A formalised language for the propositional calculus consists of:
an infinite (countable) set of propositional variables p_0, p_1,...;
a set of propositional connectives (conjunction, disjunction, etc.);
a set of auxiliary signs (parentheses).
A formula is defined as a propositional variable or any finite sequence of propositional symbols (i.e. strings of propositional variables with connective(s) and, perhaps, parentheses).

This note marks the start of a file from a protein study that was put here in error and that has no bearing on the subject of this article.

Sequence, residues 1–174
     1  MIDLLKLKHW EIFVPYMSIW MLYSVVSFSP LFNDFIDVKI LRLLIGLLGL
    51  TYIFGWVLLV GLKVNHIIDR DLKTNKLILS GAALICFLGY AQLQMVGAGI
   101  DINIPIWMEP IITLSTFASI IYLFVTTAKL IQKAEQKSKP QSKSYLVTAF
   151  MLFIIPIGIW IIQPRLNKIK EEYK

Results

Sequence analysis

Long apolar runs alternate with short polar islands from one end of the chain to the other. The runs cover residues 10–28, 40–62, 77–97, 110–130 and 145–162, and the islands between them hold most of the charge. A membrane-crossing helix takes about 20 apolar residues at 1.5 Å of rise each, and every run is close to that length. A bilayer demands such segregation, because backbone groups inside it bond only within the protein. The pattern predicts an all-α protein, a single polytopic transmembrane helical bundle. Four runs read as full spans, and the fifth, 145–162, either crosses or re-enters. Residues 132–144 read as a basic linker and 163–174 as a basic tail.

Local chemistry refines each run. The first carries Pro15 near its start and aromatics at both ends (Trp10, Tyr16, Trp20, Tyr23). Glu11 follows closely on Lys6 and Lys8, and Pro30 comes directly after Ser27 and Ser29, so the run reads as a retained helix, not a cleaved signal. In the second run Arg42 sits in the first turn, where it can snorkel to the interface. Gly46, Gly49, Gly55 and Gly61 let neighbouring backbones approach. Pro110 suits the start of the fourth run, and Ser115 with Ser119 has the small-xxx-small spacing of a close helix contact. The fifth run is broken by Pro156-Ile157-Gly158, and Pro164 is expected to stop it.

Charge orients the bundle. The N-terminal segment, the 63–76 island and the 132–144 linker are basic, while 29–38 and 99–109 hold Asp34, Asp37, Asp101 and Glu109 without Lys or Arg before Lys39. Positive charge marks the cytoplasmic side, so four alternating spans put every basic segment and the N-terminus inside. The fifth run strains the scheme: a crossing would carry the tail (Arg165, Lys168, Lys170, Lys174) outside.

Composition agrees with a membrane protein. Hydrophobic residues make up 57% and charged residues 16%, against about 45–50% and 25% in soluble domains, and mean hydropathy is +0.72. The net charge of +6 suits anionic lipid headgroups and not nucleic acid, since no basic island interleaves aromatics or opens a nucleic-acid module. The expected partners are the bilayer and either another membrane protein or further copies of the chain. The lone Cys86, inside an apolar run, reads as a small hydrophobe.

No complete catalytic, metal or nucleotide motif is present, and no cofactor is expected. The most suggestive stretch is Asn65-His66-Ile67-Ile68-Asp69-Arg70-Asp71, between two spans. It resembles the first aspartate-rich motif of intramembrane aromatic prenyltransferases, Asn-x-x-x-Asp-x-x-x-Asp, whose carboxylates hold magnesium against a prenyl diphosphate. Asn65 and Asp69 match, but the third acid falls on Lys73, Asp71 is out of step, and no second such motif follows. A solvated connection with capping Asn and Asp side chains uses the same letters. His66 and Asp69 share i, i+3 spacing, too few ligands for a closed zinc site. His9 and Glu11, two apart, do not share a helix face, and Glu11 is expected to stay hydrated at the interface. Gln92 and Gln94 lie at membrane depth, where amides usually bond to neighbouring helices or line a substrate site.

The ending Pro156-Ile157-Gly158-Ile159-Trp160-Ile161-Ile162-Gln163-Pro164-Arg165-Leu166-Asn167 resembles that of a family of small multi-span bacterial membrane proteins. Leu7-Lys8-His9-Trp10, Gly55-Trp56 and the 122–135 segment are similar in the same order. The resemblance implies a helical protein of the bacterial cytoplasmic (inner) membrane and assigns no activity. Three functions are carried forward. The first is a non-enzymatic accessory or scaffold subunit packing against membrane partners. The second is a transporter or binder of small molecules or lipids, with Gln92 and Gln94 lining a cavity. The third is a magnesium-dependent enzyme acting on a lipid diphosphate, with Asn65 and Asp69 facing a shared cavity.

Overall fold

Why is the set of propositional variables required to be countable? Isn't it something artificial in requiring it to be so if we are only interested in finite sequences of propositional symbols?
Also, as a related question: Could we consider a finite set of propositional variables and develop the same propositional calculus?